Like Eating a Box of Nails
Every designer knows that inheriting someone else’s work is no fun, especially in the world of web development. But turn the table on yourself, and make sure your own projects are ready to handed off, whether you like it or not.
There’s nothing more fun than inheriting a web development project from a previous designer. And when I say “fun,” I mean it in the sense that “eating a box of nails is fun.”
I recently was asked to update a site that another designer put together with a new feature, some visual tweaks and a couple corrections. No big problem, except here are a few highlights of the bucket of “fun” that was delivered on my doorstep:
- The site was in Flash. Seriously, why the hell would you use this nasty, slow-loading, crappy program (in only 12 FPS, too!) for just a brochure site? The end product took too long to launch, is ugly and makes any updates — even text — a pain in the ass.
- She left all her source files on the server. I mean all her source files — comps, old versions, bad code, etc. While this was good for me for making updates, it sure made finding the right FLA document a massive pain. (The client was also not happy about 150 MB of crap on his server.)
- The Flash library was a clusterfuck. Nothing was named, nothing was organized, nothing was in folders.
- She created PDFs that were nothing more than low-rez JPGs saved as PDF from Photoshop. So the one advantage the PDF format has — vector text and graphics — was thrown out the window. Making content changes required not only retyping the text, but trying to figure out what font was used.
- The designer tried to create a contact form (launching a new HTML page from Flash, naturally), nicked my code from a different site I designed for the client, and totally broke everything. Instead of porting a script to a different server, she tried to reference the script on my original server (which didn’t work), then edited the original script to make it work with her form, breaking my original form on my site without ever getting her own to work. If that made sense to you, it will also make sense why I took up hard liquor.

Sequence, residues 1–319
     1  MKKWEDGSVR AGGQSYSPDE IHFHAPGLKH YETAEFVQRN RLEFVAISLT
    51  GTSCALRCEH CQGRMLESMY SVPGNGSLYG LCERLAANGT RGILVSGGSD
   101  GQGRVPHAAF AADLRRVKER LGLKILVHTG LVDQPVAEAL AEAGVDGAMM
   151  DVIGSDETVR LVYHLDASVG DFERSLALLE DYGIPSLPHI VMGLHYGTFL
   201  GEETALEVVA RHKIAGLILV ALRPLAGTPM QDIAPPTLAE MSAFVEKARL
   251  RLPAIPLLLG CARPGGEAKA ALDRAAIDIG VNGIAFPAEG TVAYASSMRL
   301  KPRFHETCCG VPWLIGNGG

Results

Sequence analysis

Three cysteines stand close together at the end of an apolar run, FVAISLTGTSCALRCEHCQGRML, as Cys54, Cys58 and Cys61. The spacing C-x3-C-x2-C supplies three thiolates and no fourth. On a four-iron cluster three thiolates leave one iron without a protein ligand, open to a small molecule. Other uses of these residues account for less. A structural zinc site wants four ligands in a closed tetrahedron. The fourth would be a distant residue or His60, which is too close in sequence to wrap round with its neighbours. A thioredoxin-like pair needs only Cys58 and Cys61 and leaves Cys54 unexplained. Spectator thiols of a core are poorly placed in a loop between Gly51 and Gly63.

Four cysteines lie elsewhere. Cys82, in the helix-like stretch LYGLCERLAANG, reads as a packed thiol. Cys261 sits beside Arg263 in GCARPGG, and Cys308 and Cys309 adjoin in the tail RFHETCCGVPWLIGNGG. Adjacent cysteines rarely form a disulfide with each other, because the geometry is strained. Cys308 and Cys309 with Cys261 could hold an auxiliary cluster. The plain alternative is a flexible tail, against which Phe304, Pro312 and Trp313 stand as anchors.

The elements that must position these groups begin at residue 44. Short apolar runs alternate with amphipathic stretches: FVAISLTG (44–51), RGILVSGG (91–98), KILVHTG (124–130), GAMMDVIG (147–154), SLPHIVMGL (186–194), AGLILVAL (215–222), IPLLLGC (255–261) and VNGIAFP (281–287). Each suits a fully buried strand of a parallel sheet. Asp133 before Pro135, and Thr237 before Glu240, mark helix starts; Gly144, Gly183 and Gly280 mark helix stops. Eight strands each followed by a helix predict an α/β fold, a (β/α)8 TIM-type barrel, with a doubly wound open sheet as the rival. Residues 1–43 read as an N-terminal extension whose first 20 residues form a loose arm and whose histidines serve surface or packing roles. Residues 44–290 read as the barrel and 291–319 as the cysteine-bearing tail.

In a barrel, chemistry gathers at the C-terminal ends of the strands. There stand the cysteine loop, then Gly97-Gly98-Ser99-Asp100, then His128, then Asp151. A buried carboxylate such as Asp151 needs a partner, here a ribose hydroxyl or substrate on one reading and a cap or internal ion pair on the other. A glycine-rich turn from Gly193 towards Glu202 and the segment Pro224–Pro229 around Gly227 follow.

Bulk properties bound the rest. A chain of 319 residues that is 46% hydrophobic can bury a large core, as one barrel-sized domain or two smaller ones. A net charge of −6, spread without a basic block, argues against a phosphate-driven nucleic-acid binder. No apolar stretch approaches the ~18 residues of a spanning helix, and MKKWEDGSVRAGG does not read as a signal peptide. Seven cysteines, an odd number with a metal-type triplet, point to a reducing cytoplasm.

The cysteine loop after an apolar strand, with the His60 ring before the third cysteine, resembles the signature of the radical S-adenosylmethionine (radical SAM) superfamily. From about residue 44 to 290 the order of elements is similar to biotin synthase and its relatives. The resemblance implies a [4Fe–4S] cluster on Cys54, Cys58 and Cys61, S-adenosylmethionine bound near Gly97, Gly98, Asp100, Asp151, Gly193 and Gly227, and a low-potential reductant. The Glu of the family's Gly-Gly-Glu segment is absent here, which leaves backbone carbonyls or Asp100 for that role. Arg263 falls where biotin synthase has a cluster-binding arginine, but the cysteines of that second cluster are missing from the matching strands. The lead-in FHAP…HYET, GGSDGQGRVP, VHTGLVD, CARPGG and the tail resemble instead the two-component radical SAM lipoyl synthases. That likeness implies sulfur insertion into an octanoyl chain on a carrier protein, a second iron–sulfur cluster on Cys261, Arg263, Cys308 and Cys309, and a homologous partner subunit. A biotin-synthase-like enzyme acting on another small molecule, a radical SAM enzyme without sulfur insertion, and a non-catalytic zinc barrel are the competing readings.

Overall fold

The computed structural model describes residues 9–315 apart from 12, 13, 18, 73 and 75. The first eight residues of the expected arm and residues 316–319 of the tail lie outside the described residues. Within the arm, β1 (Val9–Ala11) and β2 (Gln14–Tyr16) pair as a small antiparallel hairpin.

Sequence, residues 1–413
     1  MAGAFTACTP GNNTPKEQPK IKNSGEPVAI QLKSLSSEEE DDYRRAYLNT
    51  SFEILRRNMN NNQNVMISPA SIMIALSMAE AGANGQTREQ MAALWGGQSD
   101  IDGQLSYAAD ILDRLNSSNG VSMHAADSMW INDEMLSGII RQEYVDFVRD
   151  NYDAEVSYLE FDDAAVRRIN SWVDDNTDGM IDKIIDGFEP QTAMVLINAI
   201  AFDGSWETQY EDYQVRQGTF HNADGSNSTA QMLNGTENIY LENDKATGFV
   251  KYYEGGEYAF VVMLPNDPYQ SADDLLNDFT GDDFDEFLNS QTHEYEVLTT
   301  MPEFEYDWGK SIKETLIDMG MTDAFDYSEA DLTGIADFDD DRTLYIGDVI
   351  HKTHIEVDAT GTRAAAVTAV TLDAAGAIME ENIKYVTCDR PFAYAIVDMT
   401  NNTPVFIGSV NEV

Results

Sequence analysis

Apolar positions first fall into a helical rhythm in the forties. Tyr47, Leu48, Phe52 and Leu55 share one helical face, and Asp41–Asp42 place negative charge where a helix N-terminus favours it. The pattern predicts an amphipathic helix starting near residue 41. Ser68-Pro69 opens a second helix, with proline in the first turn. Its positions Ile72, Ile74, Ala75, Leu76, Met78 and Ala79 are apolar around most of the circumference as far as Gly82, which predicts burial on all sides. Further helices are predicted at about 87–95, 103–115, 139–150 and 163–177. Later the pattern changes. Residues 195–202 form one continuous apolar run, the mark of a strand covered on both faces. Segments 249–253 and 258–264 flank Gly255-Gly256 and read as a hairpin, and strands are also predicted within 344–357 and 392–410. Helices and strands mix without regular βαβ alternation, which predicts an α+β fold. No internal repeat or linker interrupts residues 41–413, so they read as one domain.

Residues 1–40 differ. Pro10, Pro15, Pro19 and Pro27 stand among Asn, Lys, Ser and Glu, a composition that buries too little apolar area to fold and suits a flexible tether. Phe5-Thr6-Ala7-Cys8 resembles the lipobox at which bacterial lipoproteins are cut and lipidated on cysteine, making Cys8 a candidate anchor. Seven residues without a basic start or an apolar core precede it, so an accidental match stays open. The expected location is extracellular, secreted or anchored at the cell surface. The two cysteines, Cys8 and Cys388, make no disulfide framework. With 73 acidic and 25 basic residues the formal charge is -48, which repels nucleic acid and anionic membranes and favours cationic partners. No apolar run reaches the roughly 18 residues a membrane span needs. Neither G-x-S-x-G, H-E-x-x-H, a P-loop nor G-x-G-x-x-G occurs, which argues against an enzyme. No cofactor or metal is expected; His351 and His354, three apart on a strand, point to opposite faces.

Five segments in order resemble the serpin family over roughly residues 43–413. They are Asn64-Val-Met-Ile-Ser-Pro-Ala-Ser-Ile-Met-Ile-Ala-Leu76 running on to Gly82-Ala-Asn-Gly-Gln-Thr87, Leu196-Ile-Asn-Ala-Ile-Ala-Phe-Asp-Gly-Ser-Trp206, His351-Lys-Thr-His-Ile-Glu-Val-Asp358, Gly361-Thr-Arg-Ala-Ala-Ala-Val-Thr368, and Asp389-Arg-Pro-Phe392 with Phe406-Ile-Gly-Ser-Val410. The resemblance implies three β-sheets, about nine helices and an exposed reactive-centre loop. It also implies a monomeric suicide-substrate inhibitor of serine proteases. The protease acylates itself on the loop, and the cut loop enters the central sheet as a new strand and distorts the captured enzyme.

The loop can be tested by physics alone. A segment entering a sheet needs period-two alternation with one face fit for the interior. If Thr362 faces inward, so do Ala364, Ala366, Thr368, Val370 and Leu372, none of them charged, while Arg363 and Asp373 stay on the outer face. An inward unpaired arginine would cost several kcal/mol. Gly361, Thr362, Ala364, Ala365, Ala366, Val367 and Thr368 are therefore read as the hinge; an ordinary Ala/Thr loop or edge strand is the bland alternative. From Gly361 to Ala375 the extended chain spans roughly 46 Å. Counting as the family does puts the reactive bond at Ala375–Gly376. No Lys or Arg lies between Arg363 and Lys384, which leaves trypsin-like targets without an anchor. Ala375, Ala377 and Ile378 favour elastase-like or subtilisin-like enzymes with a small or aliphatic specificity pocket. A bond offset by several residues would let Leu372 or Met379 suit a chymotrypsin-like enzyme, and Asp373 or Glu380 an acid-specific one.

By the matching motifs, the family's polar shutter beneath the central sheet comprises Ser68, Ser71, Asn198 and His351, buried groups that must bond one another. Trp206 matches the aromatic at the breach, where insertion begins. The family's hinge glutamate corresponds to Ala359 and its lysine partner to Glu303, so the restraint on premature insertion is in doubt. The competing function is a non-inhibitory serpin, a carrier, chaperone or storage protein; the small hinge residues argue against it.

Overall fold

Here’s the interesting twist to the story: the designer did not know she was going to get fired. The client came to me, asked me to change the password for the FTP server — locking her out — and then wanted me to make changes.
Here are the lessons for today, kids:
- If you suck, you will get fired. You may not get any warning. She certainly didn’t.
- Always prepare a project for leaving your hands. No one else is going to understand if “site_absolutefinal_ver3b_tweak_20050607.swf” is really the production final or not.
- Make a backup before you dick around with other people’s code. Believe it or not, there’s at least one designer out there who doesn’t understand this.